Light smoke, banana, vanilla, a bit more alcoholic in flavor perhaps than it ought to be, with familiar roasted sugars of espadin with just a hint of vegetal cuishe slipping into the mix. A good choice among the more well-distributed mezcals you’ll find in a more conventional liquor store — I would reach for this in lieu of Vida, but not before the similarly priced Bozal ensamble. Extra half star for value.
Copper, smoke, wet concrete after lightning. The copper distillation really comes through. Exquisite. Not the amount of grassy earthbound terroir in some of the most distinctive sotols — but by that same token, smoother and perhaps more “drinkable” than the gnarliest sotols, with a super smooth and durable aftertaste — and yet it’s apparently 100% sotol of the leophyllum varietal, not one of the “lechugilla” agave blends that the Sotoleros line specializes in. I could be convinced this was a mezcal of the Americana family. My favorite from the new Sotoleros line that succeeded the formidable Clande brand.
The color feels somehow significant, but maybe that’s a trick of the mind.
Nose: aromatic, perfume, roses, honey
Mouth: medium heat, immediate sweetness, thin body, slightly herbal with notes of rose and mint and honeysuckle
After: mellow, clean, crisp nothing funky
This is neither at the top nor bottom of the list from the El Jolgorio range that I’ve tried, but ultimately I’ve been spoiled with incredible mezcals, and this is a very fine beverage.
Edition: 18 / Harvest: 2019 / Bottle no 122/600. 48% ABV.
Super sharp on the nose – spicy floral alcohol.
A bit of sharpies and dull white sugar, maybe a bit of citrus pith on the mouth. It’s certainly not a super mainstream mezcal, but the ways in which this are complex don’t appeal to me at all. Too hot and astringent.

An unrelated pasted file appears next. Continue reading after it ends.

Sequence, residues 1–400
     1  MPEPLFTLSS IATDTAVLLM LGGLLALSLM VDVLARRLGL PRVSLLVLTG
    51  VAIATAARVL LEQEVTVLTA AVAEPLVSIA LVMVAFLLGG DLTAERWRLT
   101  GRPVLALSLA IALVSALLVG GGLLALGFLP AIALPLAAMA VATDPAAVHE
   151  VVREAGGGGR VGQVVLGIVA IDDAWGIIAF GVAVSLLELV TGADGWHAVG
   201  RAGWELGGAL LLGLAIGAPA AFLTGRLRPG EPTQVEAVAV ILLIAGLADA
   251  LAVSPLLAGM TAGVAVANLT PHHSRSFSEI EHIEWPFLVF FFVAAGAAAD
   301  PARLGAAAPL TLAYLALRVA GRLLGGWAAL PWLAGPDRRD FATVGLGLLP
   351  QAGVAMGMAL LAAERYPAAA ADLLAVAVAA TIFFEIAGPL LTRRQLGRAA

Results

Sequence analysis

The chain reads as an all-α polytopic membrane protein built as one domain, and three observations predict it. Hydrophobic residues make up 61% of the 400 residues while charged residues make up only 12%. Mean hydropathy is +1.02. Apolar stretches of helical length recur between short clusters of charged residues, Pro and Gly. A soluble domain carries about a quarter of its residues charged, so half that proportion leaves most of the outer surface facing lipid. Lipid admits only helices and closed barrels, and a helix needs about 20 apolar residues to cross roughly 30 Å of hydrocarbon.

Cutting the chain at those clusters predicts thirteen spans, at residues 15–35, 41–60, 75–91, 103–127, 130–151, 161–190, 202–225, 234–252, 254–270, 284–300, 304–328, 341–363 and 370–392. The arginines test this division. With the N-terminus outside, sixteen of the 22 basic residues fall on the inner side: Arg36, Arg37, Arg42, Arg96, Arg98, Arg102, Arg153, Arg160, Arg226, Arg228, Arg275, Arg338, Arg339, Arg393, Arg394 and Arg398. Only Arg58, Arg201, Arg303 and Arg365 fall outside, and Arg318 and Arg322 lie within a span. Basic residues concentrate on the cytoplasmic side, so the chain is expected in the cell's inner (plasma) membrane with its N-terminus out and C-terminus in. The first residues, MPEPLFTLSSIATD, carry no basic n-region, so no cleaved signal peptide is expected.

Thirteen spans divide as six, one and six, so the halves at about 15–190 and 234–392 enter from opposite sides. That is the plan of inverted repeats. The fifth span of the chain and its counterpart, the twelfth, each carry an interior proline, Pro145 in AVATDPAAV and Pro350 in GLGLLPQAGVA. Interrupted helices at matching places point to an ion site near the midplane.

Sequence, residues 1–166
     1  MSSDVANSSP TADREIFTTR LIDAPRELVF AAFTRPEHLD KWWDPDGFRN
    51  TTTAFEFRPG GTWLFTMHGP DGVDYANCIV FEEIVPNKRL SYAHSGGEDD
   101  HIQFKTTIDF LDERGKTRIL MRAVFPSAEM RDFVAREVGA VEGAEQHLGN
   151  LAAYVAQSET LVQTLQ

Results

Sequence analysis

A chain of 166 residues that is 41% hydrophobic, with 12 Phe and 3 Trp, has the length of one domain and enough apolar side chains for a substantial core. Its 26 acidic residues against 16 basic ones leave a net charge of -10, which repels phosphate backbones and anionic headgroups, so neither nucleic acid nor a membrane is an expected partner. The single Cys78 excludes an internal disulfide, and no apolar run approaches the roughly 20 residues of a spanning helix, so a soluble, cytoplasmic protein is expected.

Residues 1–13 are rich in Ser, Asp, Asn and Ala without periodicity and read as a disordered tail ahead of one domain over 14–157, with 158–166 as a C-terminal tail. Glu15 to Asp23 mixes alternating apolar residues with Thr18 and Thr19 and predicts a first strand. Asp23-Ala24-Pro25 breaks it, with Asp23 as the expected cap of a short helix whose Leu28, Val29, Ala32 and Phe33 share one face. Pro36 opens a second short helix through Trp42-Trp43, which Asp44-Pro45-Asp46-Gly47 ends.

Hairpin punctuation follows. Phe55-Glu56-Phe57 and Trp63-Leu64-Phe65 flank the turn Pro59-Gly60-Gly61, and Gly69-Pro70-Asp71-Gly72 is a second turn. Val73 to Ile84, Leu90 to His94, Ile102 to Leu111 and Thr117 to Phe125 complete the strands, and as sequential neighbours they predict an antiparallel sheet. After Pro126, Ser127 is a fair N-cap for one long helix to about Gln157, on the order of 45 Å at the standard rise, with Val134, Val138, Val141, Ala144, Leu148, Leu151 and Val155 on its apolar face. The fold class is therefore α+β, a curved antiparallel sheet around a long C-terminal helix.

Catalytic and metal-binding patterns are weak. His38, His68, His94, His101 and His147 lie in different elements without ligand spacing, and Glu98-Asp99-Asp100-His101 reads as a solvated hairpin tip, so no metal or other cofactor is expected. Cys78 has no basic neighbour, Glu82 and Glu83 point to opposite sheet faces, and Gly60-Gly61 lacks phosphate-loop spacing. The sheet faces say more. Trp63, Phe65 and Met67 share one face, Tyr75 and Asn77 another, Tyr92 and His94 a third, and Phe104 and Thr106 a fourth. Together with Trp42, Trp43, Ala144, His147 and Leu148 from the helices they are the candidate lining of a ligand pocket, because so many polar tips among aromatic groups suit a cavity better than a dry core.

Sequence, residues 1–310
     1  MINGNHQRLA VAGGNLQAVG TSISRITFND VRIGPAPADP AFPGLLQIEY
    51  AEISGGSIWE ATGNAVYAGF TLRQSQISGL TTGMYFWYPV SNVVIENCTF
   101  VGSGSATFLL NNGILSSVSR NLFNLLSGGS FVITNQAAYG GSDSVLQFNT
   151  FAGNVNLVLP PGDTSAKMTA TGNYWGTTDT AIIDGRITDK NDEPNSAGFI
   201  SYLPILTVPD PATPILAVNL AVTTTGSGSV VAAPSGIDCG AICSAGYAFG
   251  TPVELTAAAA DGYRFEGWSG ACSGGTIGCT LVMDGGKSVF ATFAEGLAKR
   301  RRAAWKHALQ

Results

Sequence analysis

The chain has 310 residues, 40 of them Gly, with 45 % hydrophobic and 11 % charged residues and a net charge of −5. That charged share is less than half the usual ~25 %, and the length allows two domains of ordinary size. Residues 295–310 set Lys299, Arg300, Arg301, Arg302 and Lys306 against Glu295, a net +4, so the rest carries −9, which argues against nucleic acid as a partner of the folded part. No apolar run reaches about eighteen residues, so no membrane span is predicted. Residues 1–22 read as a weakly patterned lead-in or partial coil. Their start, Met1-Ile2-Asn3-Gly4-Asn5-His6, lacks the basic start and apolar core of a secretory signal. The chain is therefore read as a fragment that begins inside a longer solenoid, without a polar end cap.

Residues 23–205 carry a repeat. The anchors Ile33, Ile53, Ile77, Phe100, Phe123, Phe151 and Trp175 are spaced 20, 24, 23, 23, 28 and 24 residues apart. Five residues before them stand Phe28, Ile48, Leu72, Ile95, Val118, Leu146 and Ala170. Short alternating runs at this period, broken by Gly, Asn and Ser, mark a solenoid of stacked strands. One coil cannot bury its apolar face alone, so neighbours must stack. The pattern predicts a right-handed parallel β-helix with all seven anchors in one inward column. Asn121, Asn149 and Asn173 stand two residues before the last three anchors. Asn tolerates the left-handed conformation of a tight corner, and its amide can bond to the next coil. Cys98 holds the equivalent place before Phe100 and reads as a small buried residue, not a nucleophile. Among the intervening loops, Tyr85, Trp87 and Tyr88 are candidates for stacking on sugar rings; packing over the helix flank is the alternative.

I first tried the Real Minero becuela variety on their palenque early in 2021, and it blew me away more than any other variety offered. Unfortunately they hadn’t yet bottled the product. I’ve been on the lookout and finally saw it pop up as an offering from the famed San Diego liquor store Old Town Tequila, where I’ve discovered a few of my all-time favorites. I wasn’t disappointed — this easily launches into my top 10, one of the few 5 star bottles I’ve tasted.
Nose: leather, copper, nectarines and other sticky stone fruit juices
Mouth: All of the aforementioned juices, papaya, watermelon, a bit more body than your average mezcal, and so flavorful you’d think this had the actual fruit distillations like a pechuga.
After: smooth minerality, soft and clean.
DARMBE-03 batch from Old Town Tequila.
I was hitting a string of misses with the famed Vago line, and this is definitely my favorite of what I’ve had thus far — this one is full of complexity and rather drinkable despite higher than usual ABV. It’s fruit-forward but less perfumed/aromatic than other madrecuixe varieties I’ve had. Very mineral, dusty flavors that feel to me like a nice merger of Karwinskii vegetal properties with the more rugged flavors of an Americana.
September 2017 batch.
I’m mildly interested in the politics of an American “sotol”, but don’t have any particular opinion on the issue. I was able to stop by the distillery after an Austin visit recently to taste a flight of their sotols, where the server proudly explained how the spirit was 6 times distilled (?!)… and, as expected, the result is a smooth and rather flavorless, tequila-adjacent beverage with a touch of honeyed sweetness.
It was ironic to me that the other offerings in the flight — and oak-aged sotol and a strawberry-basil infusion — were both more flavorful and interesting, because it seems they had the impulse to add back flavor that had been distilled out of existence in the original. Anyway, my cocktails were very tasty, and I’d be willing to give this place another shot in a few years — I’m sure they’re experimenting quickly with their production.
I read that Warash is an unclassified agave thought to be close to Karwinskii and Rodacantha — that surprised me, because I think of those two as the softer/vegetal maguey families. While this does have a rich fruited/pineapple scent on the nose, the flavor itself definitely hinted at the Agave Americana side of things — the more ‘masculine’ flavor profile in my estimation, which, rather than fruits and leaves, tastes of leather, clay, tobacco and licking copper pennies. Still, there’s something ‘brighter’ and a bit citric in this one, that makes this more appealing than any Sierra Negra I’ve tried.